• Page is now completely altered to take in a lot of the recommendations. Looking a lot better but now need to listen to your review again and tweak the bits we missed 🙂
    thank you again Shane

  • Yep, I’d like to keep seeing these web site reviews. I learn a ton every time I watch them.

    I’ve read quite a bit on web design and marketing, but this was the first time I’ve heard about making sure that images show the benefits of your product/service. That’s something new to me and I’m going to re-think how I’m using images on my site now.

    There were a ton of other great tips in the video but this one stood out for me. Thanks for doing these reviews!

    • Thank you for your comment, Nigel! You know, this was a good one for me too, because it made me think about why I didn’t like the images on this page and how I choose the images for my own sites. So, while I’d been using this strategy for a long time, making this video prompted me to really think about it clearly and verbalize the strategy for the first time.

  • As a person who’s been studying website design psychology for a number of years, (not claiming to be any ‘expert’ at all, but just educating myself a great deal on the subject) the first half of that page was an absolute eyesore.

    On top of not knowing at all what the business was about in that ever important ‘first 5 seconds’, in addition to irrelevant images (cheesy stock photo and people sitting around the table) another element Shane didn’t mention, is all of those unnecessary and unappealing bold black and red letters on the left-hand side. It’s overkill. It’s clunky and hard on the eyes.

    The text layout on the left and other elements farther down the page doesn’t flow smoothly, and I just found the entire page far too cluttered as a whole, lacking a great deal of continuity.
    Hopefully Shane’s critique will be helpful to the site’s owner.


    • Thanks for your comments Mark, that’s really helpful.
      We made many alterations to the site immediately after Shane’s review and still have more to do.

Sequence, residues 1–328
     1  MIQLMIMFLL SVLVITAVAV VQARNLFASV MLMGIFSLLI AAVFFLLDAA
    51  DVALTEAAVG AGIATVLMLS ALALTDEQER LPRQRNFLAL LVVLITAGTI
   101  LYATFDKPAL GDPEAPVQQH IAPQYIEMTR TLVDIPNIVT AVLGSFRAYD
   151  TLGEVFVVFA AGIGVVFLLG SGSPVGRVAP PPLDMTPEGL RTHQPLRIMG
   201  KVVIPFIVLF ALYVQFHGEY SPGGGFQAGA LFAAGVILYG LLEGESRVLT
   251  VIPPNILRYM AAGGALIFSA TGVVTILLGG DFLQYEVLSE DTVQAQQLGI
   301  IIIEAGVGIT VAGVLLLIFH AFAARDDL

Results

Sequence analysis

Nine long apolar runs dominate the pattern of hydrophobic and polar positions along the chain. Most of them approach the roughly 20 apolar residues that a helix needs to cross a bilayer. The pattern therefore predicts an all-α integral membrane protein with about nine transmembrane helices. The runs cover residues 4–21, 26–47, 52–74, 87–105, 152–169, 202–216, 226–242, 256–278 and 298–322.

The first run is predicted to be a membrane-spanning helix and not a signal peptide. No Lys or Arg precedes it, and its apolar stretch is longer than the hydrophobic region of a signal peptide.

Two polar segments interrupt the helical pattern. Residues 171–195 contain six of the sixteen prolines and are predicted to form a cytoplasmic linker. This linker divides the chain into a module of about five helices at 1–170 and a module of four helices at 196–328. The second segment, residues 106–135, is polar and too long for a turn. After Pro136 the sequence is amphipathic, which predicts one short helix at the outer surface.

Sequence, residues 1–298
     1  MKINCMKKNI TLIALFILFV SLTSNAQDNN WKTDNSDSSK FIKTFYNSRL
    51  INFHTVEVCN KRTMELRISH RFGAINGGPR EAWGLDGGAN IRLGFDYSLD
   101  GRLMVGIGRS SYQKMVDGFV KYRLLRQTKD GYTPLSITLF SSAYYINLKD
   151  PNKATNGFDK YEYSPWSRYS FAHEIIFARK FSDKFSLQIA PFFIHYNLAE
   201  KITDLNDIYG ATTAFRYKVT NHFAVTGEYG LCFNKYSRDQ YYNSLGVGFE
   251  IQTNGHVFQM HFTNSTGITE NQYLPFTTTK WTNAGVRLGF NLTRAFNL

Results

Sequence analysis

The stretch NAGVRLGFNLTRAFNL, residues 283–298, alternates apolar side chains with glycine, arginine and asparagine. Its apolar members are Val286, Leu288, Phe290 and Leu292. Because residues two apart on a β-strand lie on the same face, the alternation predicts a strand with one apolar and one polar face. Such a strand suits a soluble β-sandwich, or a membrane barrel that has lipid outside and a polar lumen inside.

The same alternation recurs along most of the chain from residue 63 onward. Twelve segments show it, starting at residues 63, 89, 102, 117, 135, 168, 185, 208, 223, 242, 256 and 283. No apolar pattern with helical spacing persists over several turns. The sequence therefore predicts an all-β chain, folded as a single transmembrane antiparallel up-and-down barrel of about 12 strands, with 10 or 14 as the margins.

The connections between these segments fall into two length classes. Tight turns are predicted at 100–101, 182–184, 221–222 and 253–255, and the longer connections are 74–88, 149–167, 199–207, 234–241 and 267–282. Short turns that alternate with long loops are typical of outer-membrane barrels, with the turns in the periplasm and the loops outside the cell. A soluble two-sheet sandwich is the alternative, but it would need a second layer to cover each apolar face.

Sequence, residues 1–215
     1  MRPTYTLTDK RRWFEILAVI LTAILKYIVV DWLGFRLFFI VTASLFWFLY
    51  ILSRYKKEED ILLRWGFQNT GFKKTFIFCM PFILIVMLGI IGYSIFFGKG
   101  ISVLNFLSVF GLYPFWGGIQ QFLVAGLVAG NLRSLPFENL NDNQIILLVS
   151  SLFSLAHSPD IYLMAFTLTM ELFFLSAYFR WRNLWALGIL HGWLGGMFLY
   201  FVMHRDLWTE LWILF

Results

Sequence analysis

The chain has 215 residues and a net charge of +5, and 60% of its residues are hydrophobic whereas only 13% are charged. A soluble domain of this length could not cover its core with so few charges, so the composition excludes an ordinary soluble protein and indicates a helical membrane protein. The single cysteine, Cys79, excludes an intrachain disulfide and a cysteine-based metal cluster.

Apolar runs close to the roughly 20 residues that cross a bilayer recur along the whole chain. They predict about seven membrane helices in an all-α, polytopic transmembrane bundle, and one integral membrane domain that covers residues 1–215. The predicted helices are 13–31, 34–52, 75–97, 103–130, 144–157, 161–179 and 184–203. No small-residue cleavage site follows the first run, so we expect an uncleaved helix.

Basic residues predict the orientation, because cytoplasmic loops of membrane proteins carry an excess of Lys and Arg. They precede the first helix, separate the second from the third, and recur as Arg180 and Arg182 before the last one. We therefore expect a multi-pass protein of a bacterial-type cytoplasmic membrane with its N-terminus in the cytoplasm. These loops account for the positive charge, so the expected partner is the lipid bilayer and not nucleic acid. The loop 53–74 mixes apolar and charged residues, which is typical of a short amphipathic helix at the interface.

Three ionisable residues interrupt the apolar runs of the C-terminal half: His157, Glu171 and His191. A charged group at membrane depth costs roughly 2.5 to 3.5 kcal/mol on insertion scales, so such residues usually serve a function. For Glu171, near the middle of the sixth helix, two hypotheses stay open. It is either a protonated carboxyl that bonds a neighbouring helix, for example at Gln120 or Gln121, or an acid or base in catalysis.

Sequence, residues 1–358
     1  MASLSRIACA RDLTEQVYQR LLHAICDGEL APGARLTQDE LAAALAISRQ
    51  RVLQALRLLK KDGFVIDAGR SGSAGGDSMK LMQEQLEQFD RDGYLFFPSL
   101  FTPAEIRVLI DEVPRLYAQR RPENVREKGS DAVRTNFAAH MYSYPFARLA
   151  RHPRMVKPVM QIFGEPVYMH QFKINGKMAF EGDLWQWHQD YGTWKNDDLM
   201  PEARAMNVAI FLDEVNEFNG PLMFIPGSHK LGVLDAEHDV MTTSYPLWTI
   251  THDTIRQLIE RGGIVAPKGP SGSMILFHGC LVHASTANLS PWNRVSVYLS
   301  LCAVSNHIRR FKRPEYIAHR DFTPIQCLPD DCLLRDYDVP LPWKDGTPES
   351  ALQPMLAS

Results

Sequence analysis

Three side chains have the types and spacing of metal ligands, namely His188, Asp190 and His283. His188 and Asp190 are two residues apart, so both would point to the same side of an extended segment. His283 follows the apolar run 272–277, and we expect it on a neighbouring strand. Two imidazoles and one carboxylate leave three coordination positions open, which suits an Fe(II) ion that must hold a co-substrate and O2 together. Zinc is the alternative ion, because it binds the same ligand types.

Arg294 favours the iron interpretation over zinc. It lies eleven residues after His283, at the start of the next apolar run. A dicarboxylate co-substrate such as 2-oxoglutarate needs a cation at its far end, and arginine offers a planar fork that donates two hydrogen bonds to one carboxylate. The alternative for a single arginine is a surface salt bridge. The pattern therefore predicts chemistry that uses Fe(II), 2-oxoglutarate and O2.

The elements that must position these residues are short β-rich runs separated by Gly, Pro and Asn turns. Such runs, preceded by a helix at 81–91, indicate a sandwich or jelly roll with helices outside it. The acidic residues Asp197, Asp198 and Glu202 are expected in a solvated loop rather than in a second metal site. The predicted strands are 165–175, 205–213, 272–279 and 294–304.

The fact is, that particular page is being driven by warm leads, so it was and still is working despite the obvious improvements that still need to be done.
      We have addressed the most urgent changes and I’ll jump in to make content alts as you suggested as well.
      What I love most about Thrive is the way it allows us to make very quick changes to content but we do need to stop tinkering at some point.
      In our eyes the work we do is never perfect!

      • I’m really pleased you didn’t take offense to anything I said Graeme, as it was in NO WAY intended to be so, nor disrespectful in any way. 🙂

        I guess I was just being very forthright and honest like Shane. That, and as I mentioned previously, having extensively studied the psychology of website design, colours, layout, etc. regarding what appeals to people (and what doesn’t) without them even being consciously aware of it. I felt compelled to chime in. 🙂

        Yes you’re right Graeme, Shane and Thrive have done an outstanding job on all fronts regarding building a product and stellar service to make site construction a helluva lot easier.

        Best of luck in your continued construction!


    • Hi Mark,

      Thanks for adding some thoughts of your own to this website review! I really appreciate that and it adds some more value for the site owner.

  • There is a lot of value in these websites reviews. In the offline niche, I wonder if doing this type of website review would work as a lead generation tool for a website designer or whether the business being reviewed would either take offence or simply get their own web master to make the changes. There are so many poor websites out there that I feel that a good website designer could have an absolute field day. So much opportunity, so little time!

    • That’s an interesting idea, Mark.

      From my experience, I can say that even if you “give away” all your knowledge, people tend to want to hire you to do things for them. It doesn’t work equally well in every niche, but it’s worth a try.

      For example, I’ve seen this with webinars on topics that are typically seen as complicated or intimidating (e.g. copywriting, conversion optimization). Even if you present a whole system for doing these things, you’ll usually get some requests from people who want to hire you.